I talk to so many young people who cannot think clearly about life decisions.

Most of the time, it’s because they have too little money involved.

I don’t really want to go to college, but maybe I have to?

I’m not sure if I should take this job because it might not be my passion?

Do I really want to move to a new city?

Those questions get a lot clearer when mom and dad aren’t paying tuition, paying for your car and cell phone, or providing a rent-free living space.

College is the easiest and most extreme example. Ask a young person who’s tepid on the idea of attending and they’ll torture themselves trying to work through the pros and cons. Then say, “It will cost you $50,000. You’ve got to come up with that on your own.” All of the sudden, it looks like a ridiculously stupid deal. Because it is.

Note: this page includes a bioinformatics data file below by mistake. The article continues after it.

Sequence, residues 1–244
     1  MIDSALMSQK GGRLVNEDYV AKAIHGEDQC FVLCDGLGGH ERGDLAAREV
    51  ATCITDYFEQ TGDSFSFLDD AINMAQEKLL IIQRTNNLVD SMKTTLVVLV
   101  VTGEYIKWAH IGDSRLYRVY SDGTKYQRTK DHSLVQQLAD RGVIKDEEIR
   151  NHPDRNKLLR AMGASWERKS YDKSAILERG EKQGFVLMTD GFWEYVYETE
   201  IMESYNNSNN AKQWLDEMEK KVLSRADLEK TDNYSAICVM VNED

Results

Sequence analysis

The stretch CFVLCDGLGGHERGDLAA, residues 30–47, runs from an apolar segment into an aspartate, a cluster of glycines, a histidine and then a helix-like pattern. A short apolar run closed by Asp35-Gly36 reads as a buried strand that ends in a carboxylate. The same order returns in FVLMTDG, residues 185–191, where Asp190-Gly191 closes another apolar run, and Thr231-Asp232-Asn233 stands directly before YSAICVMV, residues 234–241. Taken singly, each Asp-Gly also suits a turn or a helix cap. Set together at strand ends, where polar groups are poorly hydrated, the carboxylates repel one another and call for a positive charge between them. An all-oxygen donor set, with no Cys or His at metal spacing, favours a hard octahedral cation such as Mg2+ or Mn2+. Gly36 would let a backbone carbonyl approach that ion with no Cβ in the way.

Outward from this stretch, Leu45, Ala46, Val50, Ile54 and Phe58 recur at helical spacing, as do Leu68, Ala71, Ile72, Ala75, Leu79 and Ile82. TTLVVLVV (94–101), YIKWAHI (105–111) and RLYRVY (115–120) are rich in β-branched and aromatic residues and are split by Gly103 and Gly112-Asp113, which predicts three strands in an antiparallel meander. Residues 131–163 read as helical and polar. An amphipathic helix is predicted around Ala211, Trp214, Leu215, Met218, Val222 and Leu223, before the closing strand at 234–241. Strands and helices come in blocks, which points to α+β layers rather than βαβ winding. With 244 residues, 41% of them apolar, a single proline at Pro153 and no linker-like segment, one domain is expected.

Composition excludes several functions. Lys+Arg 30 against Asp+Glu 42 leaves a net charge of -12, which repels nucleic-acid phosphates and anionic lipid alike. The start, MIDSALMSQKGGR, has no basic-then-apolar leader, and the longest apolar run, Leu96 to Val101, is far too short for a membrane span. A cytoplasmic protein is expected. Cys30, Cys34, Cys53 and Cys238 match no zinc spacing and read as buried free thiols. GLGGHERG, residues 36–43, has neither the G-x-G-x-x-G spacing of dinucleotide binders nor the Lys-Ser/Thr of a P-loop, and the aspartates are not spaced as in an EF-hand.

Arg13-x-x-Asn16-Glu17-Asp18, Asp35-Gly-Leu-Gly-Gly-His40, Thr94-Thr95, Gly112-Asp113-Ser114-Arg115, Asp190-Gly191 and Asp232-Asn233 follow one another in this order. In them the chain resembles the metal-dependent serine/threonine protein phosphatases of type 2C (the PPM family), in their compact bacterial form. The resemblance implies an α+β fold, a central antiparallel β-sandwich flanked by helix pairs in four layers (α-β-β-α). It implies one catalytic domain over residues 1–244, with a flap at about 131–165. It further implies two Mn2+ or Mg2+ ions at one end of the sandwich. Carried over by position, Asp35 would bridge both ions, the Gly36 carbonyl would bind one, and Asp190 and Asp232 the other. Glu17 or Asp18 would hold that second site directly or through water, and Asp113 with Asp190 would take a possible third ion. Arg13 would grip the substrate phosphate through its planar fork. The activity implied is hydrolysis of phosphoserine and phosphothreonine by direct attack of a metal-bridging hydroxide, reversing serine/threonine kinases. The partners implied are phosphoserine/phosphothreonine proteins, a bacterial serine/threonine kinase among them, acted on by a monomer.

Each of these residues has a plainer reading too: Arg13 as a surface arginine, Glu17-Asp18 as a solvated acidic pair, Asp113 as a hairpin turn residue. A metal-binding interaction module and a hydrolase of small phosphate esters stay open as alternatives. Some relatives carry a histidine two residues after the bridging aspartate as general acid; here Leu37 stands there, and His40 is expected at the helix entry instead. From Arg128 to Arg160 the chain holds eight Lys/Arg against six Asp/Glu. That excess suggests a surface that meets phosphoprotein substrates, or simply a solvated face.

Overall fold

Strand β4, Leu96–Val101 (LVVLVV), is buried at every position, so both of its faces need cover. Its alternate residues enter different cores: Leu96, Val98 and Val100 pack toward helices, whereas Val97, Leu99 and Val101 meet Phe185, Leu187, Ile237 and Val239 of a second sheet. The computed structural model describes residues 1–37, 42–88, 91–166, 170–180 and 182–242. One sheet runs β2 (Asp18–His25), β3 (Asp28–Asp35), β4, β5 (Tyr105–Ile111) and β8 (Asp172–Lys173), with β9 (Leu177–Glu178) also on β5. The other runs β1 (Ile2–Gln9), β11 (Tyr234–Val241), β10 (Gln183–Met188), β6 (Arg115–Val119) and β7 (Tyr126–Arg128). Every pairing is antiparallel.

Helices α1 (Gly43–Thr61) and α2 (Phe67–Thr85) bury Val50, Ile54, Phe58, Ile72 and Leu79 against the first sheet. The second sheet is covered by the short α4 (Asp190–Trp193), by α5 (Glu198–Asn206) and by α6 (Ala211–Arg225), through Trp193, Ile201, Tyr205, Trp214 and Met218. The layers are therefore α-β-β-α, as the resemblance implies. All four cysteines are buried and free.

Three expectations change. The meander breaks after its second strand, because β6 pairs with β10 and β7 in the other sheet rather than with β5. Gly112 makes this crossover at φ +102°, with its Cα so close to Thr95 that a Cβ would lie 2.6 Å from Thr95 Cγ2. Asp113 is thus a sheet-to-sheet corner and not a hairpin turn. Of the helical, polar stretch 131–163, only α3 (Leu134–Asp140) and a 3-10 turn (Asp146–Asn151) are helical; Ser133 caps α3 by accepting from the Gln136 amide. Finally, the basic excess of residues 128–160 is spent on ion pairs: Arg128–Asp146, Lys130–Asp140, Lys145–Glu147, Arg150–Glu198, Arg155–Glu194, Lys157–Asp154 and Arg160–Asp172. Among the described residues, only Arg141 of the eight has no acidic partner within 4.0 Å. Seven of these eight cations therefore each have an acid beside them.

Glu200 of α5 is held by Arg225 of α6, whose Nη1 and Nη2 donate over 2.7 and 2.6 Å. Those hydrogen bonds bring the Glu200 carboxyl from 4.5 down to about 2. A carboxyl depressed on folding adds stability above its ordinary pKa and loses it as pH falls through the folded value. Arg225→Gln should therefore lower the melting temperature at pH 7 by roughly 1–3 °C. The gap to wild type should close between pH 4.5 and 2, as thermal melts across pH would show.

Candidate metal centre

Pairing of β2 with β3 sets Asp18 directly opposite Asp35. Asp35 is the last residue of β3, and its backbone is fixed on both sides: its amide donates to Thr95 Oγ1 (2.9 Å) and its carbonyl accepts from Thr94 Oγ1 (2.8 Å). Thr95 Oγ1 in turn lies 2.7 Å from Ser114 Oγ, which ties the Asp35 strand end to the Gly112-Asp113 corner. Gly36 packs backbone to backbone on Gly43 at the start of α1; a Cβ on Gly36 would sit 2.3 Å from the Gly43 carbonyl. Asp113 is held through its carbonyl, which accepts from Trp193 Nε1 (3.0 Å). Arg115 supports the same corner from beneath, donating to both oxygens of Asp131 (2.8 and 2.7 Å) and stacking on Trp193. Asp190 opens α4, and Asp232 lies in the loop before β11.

College savings accounts from mom and dad blind young people to the truth of their situation. Something everyone else says is important, and it’s “free”, becomes too hard to turn down, even though you know it’s not going to move you closer to your goals.

The more skin in the game young people have the sooner, the better they’ll get at self-knowledge, analysis, risk-taking, and decision making.